Vladimir Klitschko’s confession is frank: “I had become cocksure but now I am learning again.”

Up in the Austrian Alps at the most unlikely and picturesque training camp in boxing, Klitschko has been analysing himself. The Ukrainian has examined how he succumbed to a surprise defeat by Tyson Fury 18 months ago, ending a run of 22 straight victories.

He insists that at 41, he has wiped out all traces of complacency and that could spell trouble for Anthony Joshua when they meet in a world heavyweight title bout at Wembley on April 29.

“Failure is an experience,” says Klitschko. “I definitely learned more about myself and about boxing through that defeat. If you want to destroy a person, give him a year of success.

Or five years. Or 10 years. I got into this mode of solely defending my titles… defending, defending, defending, defending.

“Somewhere this defending got into my mind and I was getting cocksure. It was unusual to have that feeling of failure again. I hadn’t had it for a long time. I had forgotten it.

“But now what you will see is Klitschko re-loaded. The lesson of failure is a good one before I face this athletic, strong, young and ambitious man.

“The way it is now, coming after a defeat, I have a totally different attitude, desire and obsession. Yes, I am obsessed. You may all become tired of me using that word. But I am obsessed about getting back the title.”

Failure is an experience. If you want to destroy a person, give him a year of success.
Wladimir Klitschko

There will be 90,000 people at Wembley when Joshua’s IBF title and the vacant WBA Super and IBO heavyweight belts will be on the line.

It will be an extraordinary occasion for Joshua (right), the 27-year-old 2012 Olympic champion from Watford, in his 18th professional fight. Such is the magnitude of the event, it will be a new experience, too, for Klitschko in his 69th contest.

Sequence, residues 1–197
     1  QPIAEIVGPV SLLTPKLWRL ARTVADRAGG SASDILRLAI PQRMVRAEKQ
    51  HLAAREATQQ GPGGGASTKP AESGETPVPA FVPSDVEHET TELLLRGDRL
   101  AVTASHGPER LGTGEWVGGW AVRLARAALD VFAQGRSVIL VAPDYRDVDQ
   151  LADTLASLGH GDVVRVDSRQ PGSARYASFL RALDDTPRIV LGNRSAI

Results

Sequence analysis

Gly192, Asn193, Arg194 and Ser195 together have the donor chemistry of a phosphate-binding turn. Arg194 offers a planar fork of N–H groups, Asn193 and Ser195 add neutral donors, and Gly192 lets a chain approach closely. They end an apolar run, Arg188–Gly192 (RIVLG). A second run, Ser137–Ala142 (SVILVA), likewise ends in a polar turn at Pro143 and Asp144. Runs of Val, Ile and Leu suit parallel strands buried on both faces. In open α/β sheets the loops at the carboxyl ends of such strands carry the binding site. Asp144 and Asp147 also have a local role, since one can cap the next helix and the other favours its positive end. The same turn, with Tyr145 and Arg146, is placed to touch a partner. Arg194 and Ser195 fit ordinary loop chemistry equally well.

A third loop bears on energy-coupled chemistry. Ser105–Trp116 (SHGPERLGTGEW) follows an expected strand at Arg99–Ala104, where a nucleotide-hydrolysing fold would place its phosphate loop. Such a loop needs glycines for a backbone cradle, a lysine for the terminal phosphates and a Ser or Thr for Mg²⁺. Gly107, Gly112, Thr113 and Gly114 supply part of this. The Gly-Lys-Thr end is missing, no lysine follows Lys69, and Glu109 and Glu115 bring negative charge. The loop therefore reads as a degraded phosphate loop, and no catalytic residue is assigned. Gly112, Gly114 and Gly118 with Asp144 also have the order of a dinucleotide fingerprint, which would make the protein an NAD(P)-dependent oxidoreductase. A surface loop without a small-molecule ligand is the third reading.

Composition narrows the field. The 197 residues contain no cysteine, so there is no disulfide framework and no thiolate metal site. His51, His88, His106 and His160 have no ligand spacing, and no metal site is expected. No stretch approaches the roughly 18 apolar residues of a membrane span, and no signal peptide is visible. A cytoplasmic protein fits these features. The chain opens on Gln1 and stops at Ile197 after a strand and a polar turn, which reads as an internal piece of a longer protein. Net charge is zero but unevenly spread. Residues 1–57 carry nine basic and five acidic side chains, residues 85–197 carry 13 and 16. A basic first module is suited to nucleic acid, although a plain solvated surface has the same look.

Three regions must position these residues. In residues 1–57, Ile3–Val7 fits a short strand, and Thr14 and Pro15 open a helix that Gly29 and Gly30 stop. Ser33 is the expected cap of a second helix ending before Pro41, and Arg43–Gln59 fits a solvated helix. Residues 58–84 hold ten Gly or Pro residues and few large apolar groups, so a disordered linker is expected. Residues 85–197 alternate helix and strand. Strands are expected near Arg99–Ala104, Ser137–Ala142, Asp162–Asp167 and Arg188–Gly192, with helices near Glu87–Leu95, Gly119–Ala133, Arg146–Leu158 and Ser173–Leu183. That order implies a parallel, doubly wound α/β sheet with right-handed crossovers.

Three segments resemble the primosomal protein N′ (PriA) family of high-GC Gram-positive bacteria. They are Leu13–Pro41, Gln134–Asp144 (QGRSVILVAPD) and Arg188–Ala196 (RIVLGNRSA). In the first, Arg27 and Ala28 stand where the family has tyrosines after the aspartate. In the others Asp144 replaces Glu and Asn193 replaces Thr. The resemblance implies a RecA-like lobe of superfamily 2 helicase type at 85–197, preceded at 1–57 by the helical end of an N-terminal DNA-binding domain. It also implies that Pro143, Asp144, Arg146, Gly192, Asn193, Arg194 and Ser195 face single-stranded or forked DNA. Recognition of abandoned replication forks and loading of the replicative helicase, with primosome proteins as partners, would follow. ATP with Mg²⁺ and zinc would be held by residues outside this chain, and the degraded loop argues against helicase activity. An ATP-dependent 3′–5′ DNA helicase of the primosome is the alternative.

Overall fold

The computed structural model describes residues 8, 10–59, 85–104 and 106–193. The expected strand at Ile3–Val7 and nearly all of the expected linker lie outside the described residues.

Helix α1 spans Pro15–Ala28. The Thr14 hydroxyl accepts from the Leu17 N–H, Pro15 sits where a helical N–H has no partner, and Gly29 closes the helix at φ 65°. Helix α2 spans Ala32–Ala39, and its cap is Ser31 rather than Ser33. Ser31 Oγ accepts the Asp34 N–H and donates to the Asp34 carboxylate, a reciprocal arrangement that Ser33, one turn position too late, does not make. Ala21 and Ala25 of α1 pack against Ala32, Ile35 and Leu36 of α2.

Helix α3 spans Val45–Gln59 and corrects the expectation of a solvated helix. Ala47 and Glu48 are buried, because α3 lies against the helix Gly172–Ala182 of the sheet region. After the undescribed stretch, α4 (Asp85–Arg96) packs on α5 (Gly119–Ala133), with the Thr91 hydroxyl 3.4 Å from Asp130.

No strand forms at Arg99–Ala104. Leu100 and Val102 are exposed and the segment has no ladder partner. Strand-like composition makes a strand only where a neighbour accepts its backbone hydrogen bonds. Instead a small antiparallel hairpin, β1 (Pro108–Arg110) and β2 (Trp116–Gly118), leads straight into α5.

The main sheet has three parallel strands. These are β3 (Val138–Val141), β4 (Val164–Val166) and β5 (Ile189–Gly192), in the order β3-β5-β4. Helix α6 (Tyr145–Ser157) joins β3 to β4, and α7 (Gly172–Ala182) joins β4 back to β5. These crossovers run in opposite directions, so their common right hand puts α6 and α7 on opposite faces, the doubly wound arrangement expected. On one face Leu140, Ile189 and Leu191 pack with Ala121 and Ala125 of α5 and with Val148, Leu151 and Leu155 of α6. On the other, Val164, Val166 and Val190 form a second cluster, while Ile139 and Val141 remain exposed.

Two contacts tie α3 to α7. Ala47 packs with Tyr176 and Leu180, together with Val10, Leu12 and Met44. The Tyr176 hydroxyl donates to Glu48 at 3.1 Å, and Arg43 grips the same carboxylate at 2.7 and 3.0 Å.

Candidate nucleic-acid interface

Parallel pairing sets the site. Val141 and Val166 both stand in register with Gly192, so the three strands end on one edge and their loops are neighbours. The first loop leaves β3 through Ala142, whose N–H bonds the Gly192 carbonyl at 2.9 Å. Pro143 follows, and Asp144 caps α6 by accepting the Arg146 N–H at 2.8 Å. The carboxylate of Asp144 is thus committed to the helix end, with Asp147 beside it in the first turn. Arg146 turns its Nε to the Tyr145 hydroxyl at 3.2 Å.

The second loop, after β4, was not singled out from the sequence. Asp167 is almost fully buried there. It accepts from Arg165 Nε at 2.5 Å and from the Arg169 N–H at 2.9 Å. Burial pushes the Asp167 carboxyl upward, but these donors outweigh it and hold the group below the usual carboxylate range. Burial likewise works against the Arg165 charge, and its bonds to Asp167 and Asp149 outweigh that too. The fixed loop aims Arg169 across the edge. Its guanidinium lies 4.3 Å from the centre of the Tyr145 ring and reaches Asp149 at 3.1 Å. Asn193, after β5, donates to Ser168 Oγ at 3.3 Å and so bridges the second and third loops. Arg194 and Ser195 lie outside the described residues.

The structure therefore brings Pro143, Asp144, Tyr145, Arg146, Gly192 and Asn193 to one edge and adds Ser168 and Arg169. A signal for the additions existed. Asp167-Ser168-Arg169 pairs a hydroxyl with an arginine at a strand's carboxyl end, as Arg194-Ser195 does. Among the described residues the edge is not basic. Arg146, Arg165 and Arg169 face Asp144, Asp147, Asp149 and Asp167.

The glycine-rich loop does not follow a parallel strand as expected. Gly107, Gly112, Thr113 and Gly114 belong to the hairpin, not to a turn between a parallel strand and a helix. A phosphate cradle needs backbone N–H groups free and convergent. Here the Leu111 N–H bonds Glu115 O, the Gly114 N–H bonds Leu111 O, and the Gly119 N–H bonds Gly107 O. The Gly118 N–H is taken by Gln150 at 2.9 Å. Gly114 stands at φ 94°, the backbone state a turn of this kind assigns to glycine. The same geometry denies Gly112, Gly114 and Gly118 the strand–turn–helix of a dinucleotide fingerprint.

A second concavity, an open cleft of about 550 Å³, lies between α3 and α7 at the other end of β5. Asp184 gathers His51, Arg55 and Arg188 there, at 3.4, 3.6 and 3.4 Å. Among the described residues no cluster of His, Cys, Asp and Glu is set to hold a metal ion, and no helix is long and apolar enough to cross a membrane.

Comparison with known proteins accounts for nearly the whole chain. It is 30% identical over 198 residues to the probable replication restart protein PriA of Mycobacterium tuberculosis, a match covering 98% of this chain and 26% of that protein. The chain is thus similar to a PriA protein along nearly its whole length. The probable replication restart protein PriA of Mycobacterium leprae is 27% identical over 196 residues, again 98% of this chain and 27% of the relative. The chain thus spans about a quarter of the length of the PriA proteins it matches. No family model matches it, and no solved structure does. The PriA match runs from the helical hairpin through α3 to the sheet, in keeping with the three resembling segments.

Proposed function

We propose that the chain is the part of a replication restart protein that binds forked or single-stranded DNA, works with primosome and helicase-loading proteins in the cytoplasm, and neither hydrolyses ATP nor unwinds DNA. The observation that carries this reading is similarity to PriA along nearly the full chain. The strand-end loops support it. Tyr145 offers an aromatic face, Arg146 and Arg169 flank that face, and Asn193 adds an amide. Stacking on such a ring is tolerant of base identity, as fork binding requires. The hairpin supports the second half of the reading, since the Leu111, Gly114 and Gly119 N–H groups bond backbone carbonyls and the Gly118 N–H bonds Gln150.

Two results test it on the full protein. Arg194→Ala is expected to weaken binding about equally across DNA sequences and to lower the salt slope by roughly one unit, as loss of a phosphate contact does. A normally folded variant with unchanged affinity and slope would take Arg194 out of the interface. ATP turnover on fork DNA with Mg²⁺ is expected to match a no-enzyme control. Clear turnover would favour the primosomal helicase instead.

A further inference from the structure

“Even in my career with eight stadium fights, I have not fought before 90,000,” says Klitschko. “Look at AJ — 18 fights and he is on the biggest stage. He’s still young and has had success.

“I was in the Olympic arena in London when he won the gold. And I remember when he came to spar at my camp in 2014.

“He impressed me with his attitude. He was very raw. But he was the Olympic champion and he carried himself well. He was in the background and he was learning. He was observing everything. He was very athletic and could box.

“AJ was not trying to impress anybody. He backed off and was sitting on the side, not talking too much.

“He was watching, learning, asking questions. He was very polite. He was different from others at that stage of experience and achievement in sport. He had a lot of potential and, so far, he has done good.

“But I totally get Anthony Joshua now. I see how he breathes, how he sees things and what are his instincts. If he wins, I will congratulate him. But when I win, I will help him to come back. I will be his mentor. He will be learning from an experienced man.”

Wladimir Klitschko
Wladimir Klitschko
If AJ wins, I’ll congratulate him. But when I win, I will help him to come back. I will be his mentor
Wladimir Klitschko

If Klitschko has reinvigorated his mindset amid the peaks and the pine forests, he has not changed his backing operation or his cool, methodical physical routine.

The wooden-built Stanglwirt resort here where the team operates could not be further removed from a gritty backstreet boxing gym.

Log fires crackle in the public lounges. Steam rises into the cold air from outdoor hydrotherapy pools. In a huge arena just across from the tennis hall where Klitschko spars, the elegant white Lipizzaner horses of the Spanish riding school of Vienna are trained.

Klitschko says: “I have been training here since 2003 and it is my home away from home. I didn’t change things. And losing makes you stronger in and out of the ring. I’ve lost fights — four in all — but I won the titles back. I lost again and I got back up again.

“Four guys have conquered me in certain periods of time out of a 21-year professional career. And the most amazing thing is that I’m still here and they’re not.”

Source: John Dillon